Nurturing maternal mental health

Both pregnancy and postpartum are times of profound change for mums with many moments of joy and anticipation. However, this period can also be marked by significant – and often unexpected – struggles, both physical and emotional. And at the core of it all, maternal mental health remains a relatively stigmatised issue. So, why aren’t we talking about it more?

To help shed light on how important it is to speak about mental health during the perinatal period, we sat down with Jennifer Ericksen, Consultant Senior Clinical Psychologist at the Parent-Infant Research Institute (PIRI), Austin Health.

Breaking down stigma and dispelling myths

There’s no universal ‘first step’ in addressing maternal mental health issues. Everyone will have their own process, but a vital part of the process is simply acknowledging these struggles and recognising that seeking help is not a sign of weakness – but rather one of strength. While the cultural landscape is shifting to a more positive mindset around mental health, there’s still work to be done in breaking down barriers to care.

Addressing mental health – from conception to post-partum and beyond

"Talking about mental wellbeing at all stages of the perinatal journey with both partners is important because it sets the scene that mental health is just as important as physical health during this time," says Jennifer. "Untreated depression can affect not only the mother, but those close to her, including her partner and baby. While there is evidence to show that untreated maternal depression and anxiety can influence the baby’s development, it's essential to remember that not all babies are affected, and there are protective factors that can decrease this risk. Babies are remarkably resilient, and early intervention can make a significant difference."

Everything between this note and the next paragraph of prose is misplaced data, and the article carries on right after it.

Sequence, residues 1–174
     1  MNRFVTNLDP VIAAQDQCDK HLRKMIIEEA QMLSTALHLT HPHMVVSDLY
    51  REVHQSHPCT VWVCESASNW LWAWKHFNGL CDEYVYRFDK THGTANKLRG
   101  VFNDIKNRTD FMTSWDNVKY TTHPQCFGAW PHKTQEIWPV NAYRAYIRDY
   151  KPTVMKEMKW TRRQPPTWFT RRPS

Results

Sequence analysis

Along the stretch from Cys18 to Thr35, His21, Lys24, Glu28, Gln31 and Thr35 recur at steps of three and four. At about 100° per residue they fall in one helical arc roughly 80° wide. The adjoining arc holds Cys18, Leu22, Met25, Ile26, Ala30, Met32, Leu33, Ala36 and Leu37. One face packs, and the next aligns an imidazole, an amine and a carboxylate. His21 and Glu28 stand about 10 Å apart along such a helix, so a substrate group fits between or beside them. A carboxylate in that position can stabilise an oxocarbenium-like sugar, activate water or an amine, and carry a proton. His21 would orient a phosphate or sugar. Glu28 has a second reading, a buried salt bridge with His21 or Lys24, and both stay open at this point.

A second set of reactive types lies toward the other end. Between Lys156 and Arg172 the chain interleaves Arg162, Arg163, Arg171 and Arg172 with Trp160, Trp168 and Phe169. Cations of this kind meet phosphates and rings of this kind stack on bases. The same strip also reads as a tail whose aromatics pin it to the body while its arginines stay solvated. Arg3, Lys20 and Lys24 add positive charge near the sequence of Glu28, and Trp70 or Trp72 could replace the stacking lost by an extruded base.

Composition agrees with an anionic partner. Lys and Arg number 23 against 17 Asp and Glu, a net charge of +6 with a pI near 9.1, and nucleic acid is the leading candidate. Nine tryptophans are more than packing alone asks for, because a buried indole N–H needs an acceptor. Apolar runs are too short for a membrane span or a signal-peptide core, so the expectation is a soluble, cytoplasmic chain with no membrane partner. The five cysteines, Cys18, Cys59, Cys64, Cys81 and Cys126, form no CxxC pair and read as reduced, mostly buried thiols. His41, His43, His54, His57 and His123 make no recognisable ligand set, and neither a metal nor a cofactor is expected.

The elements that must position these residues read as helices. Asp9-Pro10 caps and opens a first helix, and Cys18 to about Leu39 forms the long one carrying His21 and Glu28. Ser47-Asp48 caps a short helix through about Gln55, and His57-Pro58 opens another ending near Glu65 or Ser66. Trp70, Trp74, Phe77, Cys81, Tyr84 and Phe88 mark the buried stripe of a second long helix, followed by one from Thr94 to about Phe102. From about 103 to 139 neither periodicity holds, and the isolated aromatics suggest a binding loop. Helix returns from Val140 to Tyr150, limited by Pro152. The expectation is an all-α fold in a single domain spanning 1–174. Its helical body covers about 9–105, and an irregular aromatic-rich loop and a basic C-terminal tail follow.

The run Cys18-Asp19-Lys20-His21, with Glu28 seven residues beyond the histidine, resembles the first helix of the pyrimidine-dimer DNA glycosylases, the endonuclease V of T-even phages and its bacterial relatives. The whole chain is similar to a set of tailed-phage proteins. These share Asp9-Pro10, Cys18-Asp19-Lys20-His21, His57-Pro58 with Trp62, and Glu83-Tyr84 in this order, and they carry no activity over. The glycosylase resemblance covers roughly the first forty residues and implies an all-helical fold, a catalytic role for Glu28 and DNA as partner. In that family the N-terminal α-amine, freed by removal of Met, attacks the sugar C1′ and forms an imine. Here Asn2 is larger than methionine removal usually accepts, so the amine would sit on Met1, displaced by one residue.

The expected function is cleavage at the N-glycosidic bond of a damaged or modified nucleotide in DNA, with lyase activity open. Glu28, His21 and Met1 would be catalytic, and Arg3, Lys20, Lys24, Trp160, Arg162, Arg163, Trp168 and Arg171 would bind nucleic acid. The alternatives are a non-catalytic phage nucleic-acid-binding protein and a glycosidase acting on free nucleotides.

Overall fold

Learn more about adress mental health through R U OK? initiative. 

How MumSpace is a place for 24/7 support

MumSpace is a sanctuary of support for expecting and new mothers all around the world. Its stepped-care approach to support is a model that gives parents access to a selection of tools that can help them understand and manage their mental health.